City Hall asserts that it is protecting neighborhoods from short-term residential rentals to tourists, like those offered by Airbnb. It claims it’s protecting the availability and affordability of scarce housing. I wholeheartedly disagree.
In fact, San Francisco’s City Hall has hampered the integrity of our zoning laws and has incentivized the illegal conversion of our residences to de facto hotel rooms.
City Hall passed legislation that is so weak that every independent analysis reached the same conclusion: The current law is unworkable and unenforceable.
And it shows. The number of residential listings on Airbnb rose nearly 14 percent in the past year, despite City Hall’s rhetoric about regulating the activity. While Airbnb claims half of the market for short-term residential rentals, more than 60 other websites also rent homes to tourists.
Based on expert reports published in the San Francisco Chronicle, there are now more than 10,000 entire units rented short-term all year long throughout the city, including 21 in Presidio Heights, 53 in Cow Hollow, 113 in the Marina, 120 in Pacific Heights, 75 in Russian Hill, 41 in North Beach, 57 in Telegraph Hill, 23 in Fisherman’s Wharf, 164 in Nob Hill, 42 in Chinatown, 73 in Union Square, and 11 in the Financial District. Airbnb even lists full-time rentals in the Presidio. Add rentals of spare rooms and the numbers climb still higher. These tourist rentals change the character of residential neighborhoods.
When the place across the street turns into a “party palace” for out-of-town visitors, our rights to the quiet enjoyment, safety, and security of our own homes and neighborhoods are compromised.
The SAFE Neighborhood Watch program teaches that the single best way to prevent crime is to know your neighbors. That’s hard to do with a constant stream of strangers in and out of apartment buildings and nearby houses.
There are no published reports of violent crimes in San Francisco Airbnb rentals to date, but several homes have been looted and trashed. In other cities, however, the record of assaults is nothing short of horrifying.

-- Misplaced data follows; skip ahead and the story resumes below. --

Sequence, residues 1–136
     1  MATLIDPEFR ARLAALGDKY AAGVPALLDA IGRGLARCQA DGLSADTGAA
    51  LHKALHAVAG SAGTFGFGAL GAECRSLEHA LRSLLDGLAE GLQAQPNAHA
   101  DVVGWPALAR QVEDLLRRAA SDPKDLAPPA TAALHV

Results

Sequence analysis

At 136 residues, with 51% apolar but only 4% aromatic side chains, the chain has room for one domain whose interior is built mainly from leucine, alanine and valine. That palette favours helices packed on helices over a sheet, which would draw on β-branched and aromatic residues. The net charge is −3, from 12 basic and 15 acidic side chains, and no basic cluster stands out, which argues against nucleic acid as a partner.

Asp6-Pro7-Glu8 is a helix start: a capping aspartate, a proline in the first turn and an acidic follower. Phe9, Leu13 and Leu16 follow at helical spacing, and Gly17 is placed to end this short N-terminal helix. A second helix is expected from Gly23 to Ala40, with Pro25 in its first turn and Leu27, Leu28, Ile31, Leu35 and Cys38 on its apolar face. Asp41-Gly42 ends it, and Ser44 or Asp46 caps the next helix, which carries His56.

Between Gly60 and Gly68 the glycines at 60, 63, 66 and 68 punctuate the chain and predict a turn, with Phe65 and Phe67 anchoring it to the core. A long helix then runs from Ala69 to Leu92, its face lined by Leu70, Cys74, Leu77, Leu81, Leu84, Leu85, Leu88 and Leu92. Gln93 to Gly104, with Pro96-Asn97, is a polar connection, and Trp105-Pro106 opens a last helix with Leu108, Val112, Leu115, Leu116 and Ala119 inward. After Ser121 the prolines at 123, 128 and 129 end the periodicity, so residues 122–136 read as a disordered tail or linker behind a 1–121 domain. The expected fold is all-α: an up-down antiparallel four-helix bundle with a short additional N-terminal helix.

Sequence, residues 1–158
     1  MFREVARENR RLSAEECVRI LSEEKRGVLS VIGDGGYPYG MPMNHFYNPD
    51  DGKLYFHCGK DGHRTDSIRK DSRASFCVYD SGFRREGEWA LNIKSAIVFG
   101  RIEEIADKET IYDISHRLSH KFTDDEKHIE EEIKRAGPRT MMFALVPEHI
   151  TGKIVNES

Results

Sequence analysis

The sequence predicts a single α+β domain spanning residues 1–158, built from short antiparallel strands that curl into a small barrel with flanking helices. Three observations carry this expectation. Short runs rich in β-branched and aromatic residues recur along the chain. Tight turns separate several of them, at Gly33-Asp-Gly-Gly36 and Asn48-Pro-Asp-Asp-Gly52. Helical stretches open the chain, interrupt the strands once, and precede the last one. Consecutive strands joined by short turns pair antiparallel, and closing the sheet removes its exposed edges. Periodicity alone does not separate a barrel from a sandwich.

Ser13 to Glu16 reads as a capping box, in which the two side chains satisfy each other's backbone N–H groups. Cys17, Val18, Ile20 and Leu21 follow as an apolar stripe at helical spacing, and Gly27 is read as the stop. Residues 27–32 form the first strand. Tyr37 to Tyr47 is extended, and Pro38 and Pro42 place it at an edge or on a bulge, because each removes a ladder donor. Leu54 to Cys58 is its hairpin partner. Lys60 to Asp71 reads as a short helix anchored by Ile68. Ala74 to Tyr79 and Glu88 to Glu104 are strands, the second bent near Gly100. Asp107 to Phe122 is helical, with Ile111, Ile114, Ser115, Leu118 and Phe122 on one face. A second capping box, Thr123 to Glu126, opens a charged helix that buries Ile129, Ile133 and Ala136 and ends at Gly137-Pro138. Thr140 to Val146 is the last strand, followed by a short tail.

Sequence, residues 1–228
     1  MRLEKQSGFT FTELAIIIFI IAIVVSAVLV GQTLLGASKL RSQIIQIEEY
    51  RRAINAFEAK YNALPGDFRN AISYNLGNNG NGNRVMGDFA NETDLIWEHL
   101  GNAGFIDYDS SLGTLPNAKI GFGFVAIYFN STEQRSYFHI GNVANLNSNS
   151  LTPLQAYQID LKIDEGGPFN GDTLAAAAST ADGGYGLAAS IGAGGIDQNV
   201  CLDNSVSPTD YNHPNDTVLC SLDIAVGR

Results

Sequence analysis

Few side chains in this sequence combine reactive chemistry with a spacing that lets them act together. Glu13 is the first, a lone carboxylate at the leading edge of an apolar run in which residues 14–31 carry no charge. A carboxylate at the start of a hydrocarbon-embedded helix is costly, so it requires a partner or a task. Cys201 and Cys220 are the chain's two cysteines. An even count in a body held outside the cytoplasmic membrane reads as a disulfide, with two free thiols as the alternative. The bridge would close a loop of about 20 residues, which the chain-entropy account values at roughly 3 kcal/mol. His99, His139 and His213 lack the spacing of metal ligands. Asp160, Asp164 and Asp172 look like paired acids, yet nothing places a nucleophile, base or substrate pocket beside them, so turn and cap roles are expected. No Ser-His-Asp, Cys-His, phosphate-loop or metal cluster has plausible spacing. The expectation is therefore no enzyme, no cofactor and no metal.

City Hall is so enamored of Airbnb that it even granted tenants the right to register their apartments as short-term tourist rentals without the property owner’s permission.
Finally, despite the Planning Department’s expert staff requesting City Hall to mandate that Airbnb and other websites be prohibited from listing short-term rentals without city permits, this request was rejected, making the current law completely unenforceable.
Proposition F closes loopholes and grants real and effective enforcement tools to the city, compared to the current regulations that are both toothless and feckless.
Proposition F provides the city with the reporting requirements that will allow it to monitor compliance with the law.
Proposition F ensures that tenants must receive their landlord’s permission before renting out their unit.
Proposition F holds corporations like Airbnb accountable by limiting “hosting platforms” to listing only housing units that are properly registered with the city.
Proposition F sets fair, reasonable rules for those wishing to rent out an extra room from time to time, or their entire house when on vacation.
Proposition F provides notice to neighbors and other building residents when a short-term rental is approved.
And, Proposition F allows other building tenants and neighbors to go to court to protect their rights to privacy and tranquility in their homes and neighborhoods if, and only if, the city fails to address a serious problem.
These are common-sense changes that City Hall should have accepted – drafted by San Franciscans, not lobbyists. Proposition F is a San Francisco solution to a San Francisco problem: It’s fair, reasonable, and will be effective.
Join me in voting Yes on Proposition F.